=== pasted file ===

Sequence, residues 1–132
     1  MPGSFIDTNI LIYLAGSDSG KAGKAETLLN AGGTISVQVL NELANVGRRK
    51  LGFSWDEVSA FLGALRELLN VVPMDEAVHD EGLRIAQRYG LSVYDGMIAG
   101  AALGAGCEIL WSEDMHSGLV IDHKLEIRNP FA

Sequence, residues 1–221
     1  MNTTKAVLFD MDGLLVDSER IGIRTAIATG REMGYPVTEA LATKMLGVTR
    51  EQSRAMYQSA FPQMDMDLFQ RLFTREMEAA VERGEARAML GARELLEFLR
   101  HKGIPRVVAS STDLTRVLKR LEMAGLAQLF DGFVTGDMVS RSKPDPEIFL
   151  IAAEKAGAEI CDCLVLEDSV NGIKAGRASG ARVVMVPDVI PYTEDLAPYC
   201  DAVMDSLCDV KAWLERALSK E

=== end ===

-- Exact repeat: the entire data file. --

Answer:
Sequence, residues 1–132
     1  MPGSFIDTNI LIYLAGSDSG KAGKAETLLN AGGTISVQVL NELANVGRRK
    51  LGFSWDEVSA FLGALRELLN VVPMDEAVHD EGLRIAQRYG LSVYDGMIAG
   101  AALGAGCEIL WSEDMHSGLV IDHKLEIRNP FA

Sequence, residues 1–221
     1  MNTTKAVLFD MDGLLVDSER IGIRTAIATG REMGYPVTEA LATKMLGVTR
    51  EQSRAMYQSA FPQMDMDLFQ RLFTREMEAA VERGEARAML GARELLEFLR
   101  HKGIPRVVAS STDLTRVLKR LEMAGLAQLF DGFVTGDMVS RSKPDPEIFL
   151  IAAEKAGAEI CDCLVLEDSV NGIKAGRASG ARVVMVPDVI PYTEDLAPYC
   201  DAVMDSLCDV KAWLERALSK E